At its congested worst, the Port Mann Bridge can feel like a parking lot.
But there’s a plan afoot that envisions it as paradise, or at least a greenway that would feature greenery and walkways instead of cars and commuters.
Metro Vancouver manager Gaetan Royer has floated the notion of turning the aging span, now scheduled for demolition, into a greenway along the lines of public spaces such as New York’s popular High Line and the Promenade Plantée in Paris.
“I suggested to the group that we need to think a bit differently about what parks are going to look like in the future,” Mr. Royer, Metro’s manager of metropolitan planning, environment and parks, said on Thursday, a day after he pitched the idea to a Metro parks committee meeting.
The concept hasn’t been subjected to budgeting or feasibility tests. The Port Mann project calls for the bridge now in use to be demolished when the new one – which will be tolled and built to accommodate cyclists and pedestrians – comes into service.
The new 10-lane bridge is scheduled to open in December of 2012 and the $3.3-billion project is to be finished the following year.
Given Metro’s expected population growth – a million more residents by 2040 – Metro park planners need to get creative when thinking about green space, Mr. Royer said.
“Many of our parks are not at capacity, but are approaching capacity,” he said. “You try to find a parking spot at Belcarra Regional Park or Boundary Bay in the summer and it’s very difficult because of how crowded they are.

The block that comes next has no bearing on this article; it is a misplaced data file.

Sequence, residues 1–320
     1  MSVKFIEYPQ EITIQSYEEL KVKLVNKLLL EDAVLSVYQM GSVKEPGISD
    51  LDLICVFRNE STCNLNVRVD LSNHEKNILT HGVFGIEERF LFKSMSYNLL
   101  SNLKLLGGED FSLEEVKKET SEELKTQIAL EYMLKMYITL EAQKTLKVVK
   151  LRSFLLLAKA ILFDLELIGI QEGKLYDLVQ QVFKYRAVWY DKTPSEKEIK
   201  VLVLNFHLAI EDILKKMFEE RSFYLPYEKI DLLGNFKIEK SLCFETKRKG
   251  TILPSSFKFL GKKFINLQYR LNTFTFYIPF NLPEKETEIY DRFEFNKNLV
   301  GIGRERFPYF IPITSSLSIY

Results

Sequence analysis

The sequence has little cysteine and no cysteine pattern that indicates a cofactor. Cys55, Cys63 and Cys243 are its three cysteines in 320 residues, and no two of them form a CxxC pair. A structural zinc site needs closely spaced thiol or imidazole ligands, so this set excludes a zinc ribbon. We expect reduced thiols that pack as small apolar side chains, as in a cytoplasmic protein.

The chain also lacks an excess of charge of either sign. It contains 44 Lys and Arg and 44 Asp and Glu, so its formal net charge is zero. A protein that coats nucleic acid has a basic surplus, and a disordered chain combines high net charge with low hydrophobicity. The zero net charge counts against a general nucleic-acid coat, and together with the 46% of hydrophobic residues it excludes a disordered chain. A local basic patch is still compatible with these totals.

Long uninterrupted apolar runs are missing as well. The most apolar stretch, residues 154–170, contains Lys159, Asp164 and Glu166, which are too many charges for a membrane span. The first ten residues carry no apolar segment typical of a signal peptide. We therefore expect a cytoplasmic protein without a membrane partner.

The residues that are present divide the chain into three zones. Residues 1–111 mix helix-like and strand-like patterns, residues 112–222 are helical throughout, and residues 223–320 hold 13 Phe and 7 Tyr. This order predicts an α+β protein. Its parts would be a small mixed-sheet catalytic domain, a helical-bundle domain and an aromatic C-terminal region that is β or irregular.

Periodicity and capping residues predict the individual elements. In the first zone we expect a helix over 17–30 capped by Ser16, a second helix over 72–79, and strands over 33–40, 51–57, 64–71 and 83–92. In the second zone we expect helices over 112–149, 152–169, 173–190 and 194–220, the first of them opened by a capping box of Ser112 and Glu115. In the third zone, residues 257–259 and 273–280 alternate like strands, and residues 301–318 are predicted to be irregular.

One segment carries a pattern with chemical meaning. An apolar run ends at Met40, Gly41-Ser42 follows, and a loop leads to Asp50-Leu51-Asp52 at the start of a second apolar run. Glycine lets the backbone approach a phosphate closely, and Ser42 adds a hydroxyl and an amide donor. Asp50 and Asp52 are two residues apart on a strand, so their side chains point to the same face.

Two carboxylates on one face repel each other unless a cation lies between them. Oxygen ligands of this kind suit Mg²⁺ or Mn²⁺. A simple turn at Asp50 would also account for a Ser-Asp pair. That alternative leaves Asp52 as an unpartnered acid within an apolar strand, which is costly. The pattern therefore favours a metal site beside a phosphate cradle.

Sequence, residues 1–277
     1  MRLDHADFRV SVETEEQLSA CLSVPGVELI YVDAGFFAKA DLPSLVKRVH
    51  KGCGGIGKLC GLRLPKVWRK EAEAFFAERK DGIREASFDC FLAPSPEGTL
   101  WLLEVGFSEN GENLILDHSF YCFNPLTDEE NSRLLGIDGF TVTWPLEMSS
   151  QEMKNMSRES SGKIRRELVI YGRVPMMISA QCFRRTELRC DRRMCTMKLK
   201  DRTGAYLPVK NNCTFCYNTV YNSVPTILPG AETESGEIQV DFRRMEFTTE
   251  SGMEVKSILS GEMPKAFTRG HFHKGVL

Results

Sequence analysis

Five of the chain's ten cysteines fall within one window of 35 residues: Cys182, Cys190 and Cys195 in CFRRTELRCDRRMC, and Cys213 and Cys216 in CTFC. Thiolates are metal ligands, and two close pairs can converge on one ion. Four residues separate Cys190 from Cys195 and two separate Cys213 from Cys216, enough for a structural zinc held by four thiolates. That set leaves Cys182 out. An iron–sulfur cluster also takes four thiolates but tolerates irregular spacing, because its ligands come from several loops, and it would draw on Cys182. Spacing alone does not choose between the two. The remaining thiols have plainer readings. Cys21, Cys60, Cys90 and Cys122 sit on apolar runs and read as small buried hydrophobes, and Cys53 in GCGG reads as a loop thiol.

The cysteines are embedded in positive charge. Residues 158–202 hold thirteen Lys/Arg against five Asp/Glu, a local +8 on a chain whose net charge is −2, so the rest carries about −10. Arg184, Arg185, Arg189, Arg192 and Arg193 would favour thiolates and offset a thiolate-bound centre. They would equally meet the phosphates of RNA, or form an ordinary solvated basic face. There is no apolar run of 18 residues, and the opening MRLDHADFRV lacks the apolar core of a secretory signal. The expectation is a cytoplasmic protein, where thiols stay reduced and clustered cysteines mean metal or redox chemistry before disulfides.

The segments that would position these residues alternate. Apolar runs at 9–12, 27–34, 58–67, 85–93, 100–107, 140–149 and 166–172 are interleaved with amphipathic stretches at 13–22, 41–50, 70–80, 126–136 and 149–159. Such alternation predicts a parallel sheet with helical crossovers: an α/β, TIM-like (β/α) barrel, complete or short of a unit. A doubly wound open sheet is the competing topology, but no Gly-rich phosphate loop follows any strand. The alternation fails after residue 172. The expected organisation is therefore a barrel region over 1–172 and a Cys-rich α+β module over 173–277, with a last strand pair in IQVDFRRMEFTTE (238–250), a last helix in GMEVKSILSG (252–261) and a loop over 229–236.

“So is there a way of thinking outside the box and looking at some assets in our region in a different way?”
Repurposing the Port Mann Bridge would be in line with projects in other cities that have focused on fixing or improving past planning bungles by, for example, reclaiming waterfront lands for public use.
Even if it turns out to be too costly or technically challenging to turn the entire bridge into a greenway, planners could consider reclaiming approach ramps on the east side of the river, Mr. Royer said.
By doing so, park officials could knit the greenway into proposed Surrey park extensions and an emerging trail network along the Fraser River.
Trying to reclaim at least part of the old Port Mann Bridge would also dovetail with the region’s ‘zero waste’ strategy, Mr. Royer said.
“It’s a huge concrete and steel structure that is being bulldozed apart ... some of it is going to be recycled but much of it is simply consuming energy to tear it apart and transport the rubble somewhere else,” he said.
After pitching the idea to the committee and getting an enthusiastic reception, Mr. Royer said he may put the concept to the province.
Metro’s parks committee manages 13,800 hectares of park land and more than $125-million worth of park facilities.